Marin Cilic cemented his name in the history books on Monday, ending Japan’s Kei Nishikori’s historic run in straight sets to claim the 2014 US Open men’s singles title.
The 14th seed became the first Croatian to claim a Grand Slam title since his coach Goran Ivansevic, who triumphed in 2001 at Wimbledon. He blasted 17 aces and only lost 9 points on his first serve on his track to a 6-3 6-3 6-3 victory in one hour and 54 minutes.
The top Croat did not drop a set in his final three matches in Flushing Meadows, having also beaten sixth seed Tomas Berdych and five-time former champion Roger Federer in straight sets.
He also became the first US Open champion ranked outside the Top 10 since a 17th-ranked Pete Sampras won in 2002.
Nishikori had made history on Saturday, when he became the first Asian man to reach a Grand Slam final after upsetting world number one Novak Djokovic in his first major semi-final.
The win against the top seed and 2011 champion was his third straight over a player ranked in the Top 10; resulting to a first Grand Slam final without any of the ‘Big Four’- the Serb, Rafael Nadal, Roger Fededer and Andy Murray since the 2005 Australian Open.
But having logged a total of 16 hours and 26 minutes on the court to advance into an all-first-timers’ final, including a pair of marathon wins in the Round of 16 and quarter-finals, Cilic- though progressed in better timing- settled much easier into his rhythm than his opponent seeded 4 places ahead in this year’s championship.
After surviving an early break point, the No. 16 ranked Cilic coasted to a 1-set lead after 33 minutes, hitting 11 winners and limiting Nishikori, who struggled to shake off his nerves, to just two.
Cilic continued from where he left off in the second set. The Japanese sent a forehand long to gift him a 0/40 lead in the third game. Despite fighting back to deuce, it was Cilic who earned a fourth break point as he cracked a forehand winner off a short ball from Nishikori and converted, as the No. 11 ranked player dumped a backhand into the net.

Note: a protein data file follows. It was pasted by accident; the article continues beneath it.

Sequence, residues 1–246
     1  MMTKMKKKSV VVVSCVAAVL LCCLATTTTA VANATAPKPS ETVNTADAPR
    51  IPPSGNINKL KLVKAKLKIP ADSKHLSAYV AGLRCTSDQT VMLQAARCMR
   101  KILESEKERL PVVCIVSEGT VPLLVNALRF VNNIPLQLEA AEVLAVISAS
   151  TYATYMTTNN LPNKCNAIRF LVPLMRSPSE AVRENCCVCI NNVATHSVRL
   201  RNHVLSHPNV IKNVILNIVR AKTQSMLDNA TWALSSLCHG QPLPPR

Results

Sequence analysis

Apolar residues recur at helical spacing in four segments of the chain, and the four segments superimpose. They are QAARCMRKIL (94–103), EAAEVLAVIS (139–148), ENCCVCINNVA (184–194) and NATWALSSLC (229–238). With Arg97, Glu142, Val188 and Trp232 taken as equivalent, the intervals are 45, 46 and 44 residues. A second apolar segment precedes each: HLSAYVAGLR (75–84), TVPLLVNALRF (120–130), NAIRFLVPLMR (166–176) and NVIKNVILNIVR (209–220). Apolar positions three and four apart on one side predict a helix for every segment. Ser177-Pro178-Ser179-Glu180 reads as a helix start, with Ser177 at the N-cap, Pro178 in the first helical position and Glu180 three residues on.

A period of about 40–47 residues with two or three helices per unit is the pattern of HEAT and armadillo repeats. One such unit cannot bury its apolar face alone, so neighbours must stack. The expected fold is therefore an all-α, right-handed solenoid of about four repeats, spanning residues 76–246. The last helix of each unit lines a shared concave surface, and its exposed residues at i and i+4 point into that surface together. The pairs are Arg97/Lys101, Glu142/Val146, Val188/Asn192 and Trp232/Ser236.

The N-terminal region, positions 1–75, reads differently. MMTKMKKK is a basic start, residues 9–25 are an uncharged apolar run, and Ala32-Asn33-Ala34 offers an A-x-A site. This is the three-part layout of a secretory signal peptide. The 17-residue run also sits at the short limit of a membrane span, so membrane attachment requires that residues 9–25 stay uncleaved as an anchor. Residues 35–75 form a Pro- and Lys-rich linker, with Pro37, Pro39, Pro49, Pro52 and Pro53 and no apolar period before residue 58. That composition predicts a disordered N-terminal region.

At 15/40 down in the fourth game, Cilic held Nishikori off for a 3-1 lead and after a love service game, broke the latter again in the seventh game.
Cilic saved two break points to level at deuce while serving for the set, but judged the ball’s flight poorly and had Nishikori finally break his serve to convert on the third break point to stay in the set.
After a total of 12 unforced error in the second set, the Japanese realised he had made lesser case for momentum. A smash into the net gave Cilic a set point and he nailed a forehand winner into the corner to claim the set in 37 minutes.
Fatigue crept in for Nishikori in the third having endured a total of 14 sets in his past three matches. It made for Cilic’s gain, the Croatian outlasting Nishikori in a lengthy baseline exchange on break point in the fourth game to take a 3-1 lead.
Nishikori faltered on his second serve on two of his three break point chances in the seventh game, allowing Cilic to clinch it with a thunderous backhand winner up the line and move within a game of his first Grand Slam title.
Nishikori held to offer Cilic the chance to claim it on his own serve, and he did not falter. A hold to 15, clinched with a backhand crosscourt winner did it for the 25-year-old, who joined 2009 champion Juan Martin del Potro and reigning Australian champion Stanislas Wawrinka as just the third surprise package of a Grand Slam in the past 39 championships.
With his victory, Cilic jumped back to the Top 10 since 2010, marching his career high of 9th that year. He also leapt eight spots, overtaking Nishikori at No. 5 in the race for one of 8 singles positions at the ATP World Tour Finals in London this November.